Despite warning Khamenei about possible tampering on the eve of the vote and using his Friday prayer address to call for the release of scores of reformists in July 2009, Rafsanjani managed to keep his place within the state apparatus. Rather than directly challenge Khamenei — as Mousavi and Karroubi would — he retained his position as head of the expediency council.
During the second Ahmadinejad administration, Rafsanajani stayed in the media spotlight, published his much-anticipated annual volumes of political diaries, and continued to lobby at the regime’s highest levels. Despite having few obvious cards to play, Rafsanjani drew on his myriad relationships across ministries, economic institutions, political factions, the bazaar, the clergy, and even the IRGC. He also compelled his son, Mehdi, to return home and face a jail sentence so that opponents couldn’t use the charge that his child was abroad and in the pay of foreigners against him politically.
Transformation or Rebranding?
In 2013, after remaining on the fence until the last hours of the registration window, Rafsanjani announced his bid for president without securing the customary approval from Khamenei, who rebuffed his attempts to discuss the matter. The guardian council rejected him on health grounds, paving the way for his protégé Hassan Rouhani, whom Rafsanjani had persuaded not to drop out, to carry the centrist ticket and win in the first round.
Even in his final years, after he had lost many of the institutional levers he had once wielded so dexterously, Rafsanjani managed to interject himself at crucial political moments and tilt the balance of forces in one direction or another. These interventions were not without significance or merit. His continued support for Rouhani and the nuclear accord with the P5+1 helped alleviate the atmosphere of securitization, economic distress, and growing militarization that had characterized the Ahmadinejad years. When he decried the Western sanctions that “had broken the back” of the nation, he belittled the conservative attempts to portray the accord as a sellout.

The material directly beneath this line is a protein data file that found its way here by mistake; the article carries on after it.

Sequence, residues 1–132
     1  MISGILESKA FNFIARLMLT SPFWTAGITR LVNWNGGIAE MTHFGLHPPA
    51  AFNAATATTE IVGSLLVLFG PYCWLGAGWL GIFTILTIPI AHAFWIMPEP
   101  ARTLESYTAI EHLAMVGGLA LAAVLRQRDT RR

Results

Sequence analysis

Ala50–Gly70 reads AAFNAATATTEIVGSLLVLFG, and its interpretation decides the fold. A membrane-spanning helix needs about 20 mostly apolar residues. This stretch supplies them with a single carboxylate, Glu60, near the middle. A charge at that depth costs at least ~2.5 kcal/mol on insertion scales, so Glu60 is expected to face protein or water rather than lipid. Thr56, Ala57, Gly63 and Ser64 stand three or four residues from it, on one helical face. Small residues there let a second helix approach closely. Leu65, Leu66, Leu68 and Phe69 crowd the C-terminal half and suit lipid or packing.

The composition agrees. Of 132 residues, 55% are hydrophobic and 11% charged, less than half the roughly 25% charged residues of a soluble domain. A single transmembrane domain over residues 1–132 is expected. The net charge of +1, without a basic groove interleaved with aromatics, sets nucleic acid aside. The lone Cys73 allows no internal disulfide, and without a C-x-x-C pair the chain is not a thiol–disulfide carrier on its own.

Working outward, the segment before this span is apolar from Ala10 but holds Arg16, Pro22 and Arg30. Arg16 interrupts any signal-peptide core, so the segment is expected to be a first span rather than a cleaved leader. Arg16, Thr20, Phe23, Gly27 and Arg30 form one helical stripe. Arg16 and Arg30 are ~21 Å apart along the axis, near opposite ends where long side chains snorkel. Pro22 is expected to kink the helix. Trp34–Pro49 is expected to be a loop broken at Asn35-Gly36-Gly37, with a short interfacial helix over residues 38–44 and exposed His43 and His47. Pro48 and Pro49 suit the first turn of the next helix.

In recent years, prominent intellectuals like Akbar Ganji and Sadeq Zibakalam have debated whether Rafsanjani’s apparent “conversion” to reform represented a truly genuine transformation or another example of his essential Machiavellianism. But a more pertinent question would be what opportunities for contestation and increasing democratic accountability and pluralism were engendered as a result of his interventions and the unforeseen repercussions of elite competition and cleavage.
On the one hand, his role as mediator between the ruling establishment and the reformists in these final years played an important part in assuaging the contradictions between popular expectations and the reality of regime governance. Since the late 1990s elite competition has taken place on the terrain of electoral and constitutional politics, and Iran’s sizeable urban population and middle classes were periodically summoned to provide momentum to their own mediated demands. A process that also harbored the potential for sparking deeper political transformation, and a renegotiation of the social contract defining the relationship of government and the governed.
In the short term, reforms included resolving the nuclear impasse; returning to competent, technocratic economic management; lowering inflation and youth unemployment; releasing Green Movement leaders Mir Hossein Mousavi, Mehdi Karroubi, and Zahra Rahnavard; and loosening political and cultural restrictions.
But in the long term, the reformist horizon strove for something like a new constitutional settlement that would place the supreme leader under close supervision — if not call for his direct election — hold the security apparatuses accountable, and reverse the guardian council’s powers over elections. Reformist activists, as well as political currents with negligible official representation, saw Rafsanjani’s funeral procession as one more opportunity to articulate these manifold demands, proving even his posthumous relevance to the political balance of power.
Rafsanjani initiated a deeply personal form of statecraft, one that could not bring about a structured perestroika, but did enable the Islamic Republic to survive crises and challenges. Rafsanjani and Khamenei’s chief objective had always preserving the regime they helped build. The question of how to achieve this — and their material and institutional stake in it — rankled their relationship in later life and still divides the country.